Electrical Engineering Dictionary
"A" "B" "C", "D", "E", "F", "G", "H", "I", "J", "K", "L", "M",
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An operational amplifier can easily be made into a summing circuit by using additional input resistors. An analog adder or summer can be made using either an inverting amplifier or a non-inverting amplifier. However when using an inverting amplifier the output will be inverted, although still the sum of all the inputs.

An inverting adder is shown below, which means that the output is the inverted sum of the three inputs: Vo = -(V1 + V2 + V3). Three inputs are shown in the schematic as an example, although any number of inputs over two could be used. Normally all of the resistors are selected to be the same value [R1 = R2 = R3 = R4], so Rf/Ri is equal to one [for an inverting amplifier], producing an output that is the sum of the input voltages. Each input has the same gain through the amplifier; R4/R1, R4/R2, and R4/R3. A Scaling Adder can be produced by changing the input resistors for each input. Because the sum of the individual inputs depend on the ratio of the output and input resistors, the input voltages may be scaled. Set the feedback resistor [R4] to some value. For a 1-to-1 ratio set one of the input resistors to the same value. For a 1-to-10 ratio set the input resistor to a tenth of the feedback resistor value, and so on.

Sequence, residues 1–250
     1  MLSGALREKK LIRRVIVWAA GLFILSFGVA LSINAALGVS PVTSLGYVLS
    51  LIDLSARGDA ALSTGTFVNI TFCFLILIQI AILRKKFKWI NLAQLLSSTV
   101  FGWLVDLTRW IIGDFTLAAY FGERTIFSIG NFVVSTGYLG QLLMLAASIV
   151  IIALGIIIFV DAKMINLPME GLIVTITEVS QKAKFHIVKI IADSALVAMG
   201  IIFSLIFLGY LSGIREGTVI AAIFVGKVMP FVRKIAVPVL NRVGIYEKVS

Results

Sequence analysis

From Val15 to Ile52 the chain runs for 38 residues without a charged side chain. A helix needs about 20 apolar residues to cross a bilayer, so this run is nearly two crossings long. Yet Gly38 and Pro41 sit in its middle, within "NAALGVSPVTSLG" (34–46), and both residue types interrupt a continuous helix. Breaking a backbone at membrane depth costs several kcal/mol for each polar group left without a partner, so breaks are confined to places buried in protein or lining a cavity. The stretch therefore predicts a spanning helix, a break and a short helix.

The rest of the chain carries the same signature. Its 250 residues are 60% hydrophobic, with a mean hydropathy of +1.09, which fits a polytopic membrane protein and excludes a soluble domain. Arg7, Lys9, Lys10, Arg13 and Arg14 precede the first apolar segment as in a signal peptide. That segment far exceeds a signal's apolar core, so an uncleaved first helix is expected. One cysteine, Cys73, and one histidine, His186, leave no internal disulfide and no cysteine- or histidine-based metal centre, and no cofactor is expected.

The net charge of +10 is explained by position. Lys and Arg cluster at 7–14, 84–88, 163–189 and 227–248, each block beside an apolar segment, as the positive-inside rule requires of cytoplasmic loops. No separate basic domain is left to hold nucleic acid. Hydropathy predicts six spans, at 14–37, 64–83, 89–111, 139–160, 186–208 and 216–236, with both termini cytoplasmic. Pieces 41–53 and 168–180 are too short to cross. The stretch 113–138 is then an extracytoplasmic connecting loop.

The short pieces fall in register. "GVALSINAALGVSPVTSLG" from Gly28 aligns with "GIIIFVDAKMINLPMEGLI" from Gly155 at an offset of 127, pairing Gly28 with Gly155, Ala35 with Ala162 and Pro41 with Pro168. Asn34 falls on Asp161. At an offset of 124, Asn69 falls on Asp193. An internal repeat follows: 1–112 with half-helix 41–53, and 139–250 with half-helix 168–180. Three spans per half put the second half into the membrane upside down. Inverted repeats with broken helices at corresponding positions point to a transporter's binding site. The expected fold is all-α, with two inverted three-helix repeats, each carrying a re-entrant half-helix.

Using a standard 10-to-1 ratio set R4 to 100k, R3 to 100k, R2 to 10k and R1 to 1k. This produces an output with three different scaled inputs. So Vo = 100k/100k + 100k/10k + 100k/1k.
Than: Vo = V1*1 + V2*10 + V3*100.
However those are just examples, the inputs could be scaled to any values.

The non-inverting amplifier could also be used as an adder circuit, but normally only the inverting type is shown. Refer to the circuit below